Successfully reported this slideshow.
We use your LinkedIn profile and activity data to personalize ads and to show you more relevant ads. You can change your ad preferences anytime.

YouTube videos are no longer supported on SlideShare

View original on YouTube

Trafficshifting: Avoiding Disasters &
Improving Performance at Scale
Michael Kehoe
Staff Site Reliability Engineer
LinkedIn
2
Overview
• Problem Statement
• Solution – How LinkedIn trafficshift’s
• Datacenter shifting
• PoP steering
• Challenges ...
Upcoming SlideShare
Couchbase Connect 2016
Couchbase Connect 2016
Loading in …3
×
1 of 36

APRICOT 2017: Trafficshifting: Avoiding Disasters & Improving Performance at Scale

0

Share

Download to read offline

LinkedIn serves traffic for its 467 million members from four data centers and multiple PoPs spread geographically around the world. Serving live traffic from from many places at the same time has taken us from a disaster recovery model to a disaster avoidance model where we can take an unhealthy data center or PoP out of rotation and redistribute its traffic to a healthy one within minutes, with virtually no visible impact to users. The geographical distribution of our infrastructure also allows us to optimize the end-user's experience by geo routing users to the best possible PoP and datacenter.

This talk provide details on how LinkedIn shifts traffic between its PoPs and data centers to provide the best possible performance and availability for its members. We will also touch on the complexities of performance in APAC, how IPv6 is helping our members and how LinkedIn stress tests data centers verify its disaster recovery capabilities.

More Related Content

You Might Also Like

Related Books

Free with a 30 day trial from Scribd

See all

Related Audiobooks

Free with a 30 day trial from Scribd

See all

APRICOT 2017: Trafficshifting: Avoiding Disasters & Improving Performance at Scale

  1. 1. Trafficshifting: Avoiding Disasters & Improving Performance at Scale Michael Kehoe Staff Site Reliability Engineer LinkedIn
  2. 2. 2 Overview • Problem Statement • Solution – How LinkedIn trafficshift’s • Datacenter shifting • PoP steering • Challenges of APAC region • IPv4 vs IPv6 • Questions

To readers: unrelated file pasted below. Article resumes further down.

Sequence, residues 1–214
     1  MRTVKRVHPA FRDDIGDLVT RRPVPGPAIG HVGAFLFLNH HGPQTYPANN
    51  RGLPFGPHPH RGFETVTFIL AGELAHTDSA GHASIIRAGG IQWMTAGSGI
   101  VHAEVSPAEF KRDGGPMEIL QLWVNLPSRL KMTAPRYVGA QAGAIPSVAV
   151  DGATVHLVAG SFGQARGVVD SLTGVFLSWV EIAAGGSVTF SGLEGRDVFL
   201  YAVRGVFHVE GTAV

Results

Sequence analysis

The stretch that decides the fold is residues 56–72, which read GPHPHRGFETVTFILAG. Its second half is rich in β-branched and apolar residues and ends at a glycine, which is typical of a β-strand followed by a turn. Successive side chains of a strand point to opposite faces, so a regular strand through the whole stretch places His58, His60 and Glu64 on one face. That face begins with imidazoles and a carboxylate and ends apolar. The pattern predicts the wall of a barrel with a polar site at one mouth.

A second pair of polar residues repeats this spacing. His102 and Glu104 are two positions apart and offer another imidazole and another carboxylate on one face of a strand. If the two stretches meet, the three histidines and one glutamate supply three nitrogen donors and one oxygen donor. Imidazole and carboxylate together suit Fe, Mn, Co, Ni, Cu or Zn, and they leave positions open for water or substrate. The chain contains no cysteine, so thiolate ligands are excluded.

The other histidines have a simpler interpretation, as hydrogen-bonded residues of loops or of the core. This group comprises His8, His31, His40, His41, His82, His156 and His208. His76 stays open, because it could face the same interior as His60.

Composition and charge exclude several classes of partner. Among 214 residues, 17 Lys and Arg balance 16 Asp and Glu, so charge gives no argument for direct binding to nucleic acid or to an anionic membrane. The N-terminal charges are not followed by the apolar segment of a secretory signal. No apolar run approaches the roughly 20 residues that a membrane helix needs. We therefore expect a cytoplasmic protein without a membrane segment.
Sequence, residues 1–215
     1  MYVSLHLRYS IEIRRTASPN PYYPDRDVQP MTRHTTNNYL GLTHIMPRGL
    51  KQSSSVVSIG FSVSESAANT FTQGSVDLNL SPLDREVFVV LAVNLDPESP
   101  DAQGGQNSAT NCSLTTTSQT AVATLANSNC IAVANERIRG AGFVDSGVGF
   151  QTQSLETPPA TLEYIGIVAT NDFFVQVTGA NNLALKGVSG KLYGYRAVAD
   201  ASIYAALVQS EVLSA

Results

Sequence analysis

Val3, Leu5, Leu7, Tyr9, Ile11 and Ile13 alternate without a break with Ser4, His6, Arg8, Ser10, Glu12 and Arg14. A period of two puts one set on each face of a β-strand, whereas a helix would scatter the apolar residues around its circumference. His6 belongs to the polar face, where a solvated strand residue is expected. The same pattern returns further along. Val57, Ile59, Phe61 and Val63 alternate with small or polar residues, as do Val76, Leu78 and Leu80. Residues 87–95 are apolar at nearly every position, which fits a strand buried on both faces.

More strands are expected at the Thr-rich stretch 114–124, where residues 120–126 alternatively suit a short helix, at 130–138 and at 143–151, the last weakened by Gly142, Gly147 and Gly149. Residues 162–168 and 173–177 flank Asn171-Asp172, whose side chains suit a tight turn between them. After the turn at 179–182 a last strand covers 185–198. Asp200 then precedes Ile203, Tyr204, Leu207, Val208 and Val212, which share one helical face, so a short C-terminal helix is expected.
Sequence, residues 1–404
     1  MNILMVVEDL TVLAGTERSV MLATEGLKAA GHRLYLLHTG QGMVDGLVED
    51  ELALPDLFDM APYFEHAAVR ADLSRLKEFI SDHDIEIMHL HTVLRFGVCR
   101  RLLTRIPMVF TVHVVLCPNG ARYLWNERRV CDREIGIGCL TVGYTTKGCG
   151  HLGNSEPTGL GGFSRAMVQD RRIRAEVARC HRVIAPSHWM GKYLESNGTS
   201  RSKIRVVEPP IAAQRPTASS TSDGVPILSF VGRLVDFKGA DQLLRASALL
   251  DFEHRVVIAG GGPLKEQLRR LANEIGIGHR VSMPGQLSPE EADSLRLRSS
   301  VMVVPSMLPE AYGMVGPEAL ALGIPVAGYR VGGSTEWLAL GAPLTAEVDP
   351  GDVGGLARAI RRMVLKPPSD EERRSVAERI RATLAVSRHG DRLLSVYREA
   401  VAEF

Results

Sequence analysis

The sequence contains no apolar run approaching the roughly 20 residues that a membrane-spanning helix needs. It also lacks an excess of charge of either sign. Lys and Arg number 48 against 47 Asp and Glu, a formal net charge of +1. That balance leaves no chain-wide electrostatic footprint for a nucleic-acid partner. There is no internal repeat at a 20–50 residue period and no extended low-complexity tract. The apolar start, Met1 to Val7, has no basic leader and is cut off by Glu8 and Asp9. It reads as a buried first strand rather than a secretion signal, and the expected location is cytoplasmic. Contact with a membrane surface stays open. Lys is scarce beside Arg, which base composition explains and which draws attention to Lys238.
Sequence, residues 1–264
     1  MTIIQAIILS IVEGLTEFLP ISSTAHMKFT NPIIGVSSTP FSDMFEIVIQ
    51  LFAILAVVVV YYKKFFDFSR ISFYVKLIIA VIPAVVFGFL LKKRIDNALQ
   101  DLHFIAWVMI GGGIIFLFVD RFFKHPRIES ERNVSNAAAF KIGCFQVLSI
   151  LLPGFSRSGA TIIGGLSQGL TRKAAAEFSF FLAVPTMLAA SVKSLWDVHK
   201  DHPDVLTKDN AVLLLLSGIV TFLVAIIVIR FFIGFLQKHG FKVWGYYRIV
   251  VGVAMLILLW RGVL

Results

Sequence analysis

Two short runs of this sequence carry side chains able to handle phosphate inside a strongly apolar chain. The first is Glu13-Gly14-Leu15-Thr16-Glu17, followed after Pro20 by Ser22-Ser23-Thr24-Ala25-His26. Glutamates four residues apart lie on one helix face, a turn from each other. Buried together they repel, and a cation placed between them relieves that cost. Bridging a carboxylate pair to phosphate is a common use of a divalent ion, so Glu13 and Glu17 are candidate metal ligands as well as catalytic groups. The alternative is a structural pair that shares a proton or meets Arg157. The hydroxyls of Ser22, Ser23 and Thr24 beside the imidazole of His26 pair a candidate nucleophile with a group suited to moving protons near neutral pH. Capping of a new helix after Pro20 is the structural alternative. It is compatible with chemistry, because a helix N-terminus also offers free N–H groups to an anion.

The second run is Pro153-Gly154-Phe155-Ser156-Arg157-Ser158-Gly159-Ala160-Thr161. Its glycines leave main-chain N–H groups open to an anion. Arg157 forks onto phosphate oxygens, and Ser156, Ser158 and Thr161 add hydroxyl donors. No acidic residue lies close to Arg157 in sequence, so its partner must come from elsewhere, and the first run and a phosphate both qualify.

3. 3. $ whoami 3 Michael Kehoe • Staff Site Reliability Engineer (SRE) @ LinkedIn • Production-SRE team • Funny accent = Australian + 3 years American
  4. 4. $ whatis SRE 4 Michael Kehoe • Site Reliability Engineering • Operations for the production application environment • Responsibilities include • Architecture design • Capacity planning • Operations • Tooling • Responsibilities include DNS/ CDN management & Traffic infrastructure
  5. 5. 5 Terminology • PoP - Where LinkedIn terminates incoming requests. • Fabric – Datacenter with full LinkedIn production stack deployed • Loadtest – Stress test of a Fabric – to simulate a disaster scenario
  6. 6. Disaster Recovery 6 Problem Statement • Fail between Fabrics • Performance of applications is degraded • Validate disaster recovery (DR) scenario • Expose bugs and suboptimal configurations via loadtest • Planned maintenance • Fail between PoP’s • Mitigate impact of a 3rd party provider maintenance/ failure (e.g. transport links) • Software/ Configuration Bugs
  7. 7. Performance 7 Problem Statement • Fabric Assignment • Assign preferred and secondary fabric to all members based on: • Member location • Capacity • PoP/ CDN steering • Use GeoDNS to steer user to ‘best’ PoP • Use RUM DNS to steer users to ’best’ CDN
  8. 8. United States Performance (Global) 8 Problem Statement
  9. 9. APAC Performance (APAC cities) 9 Problem Statement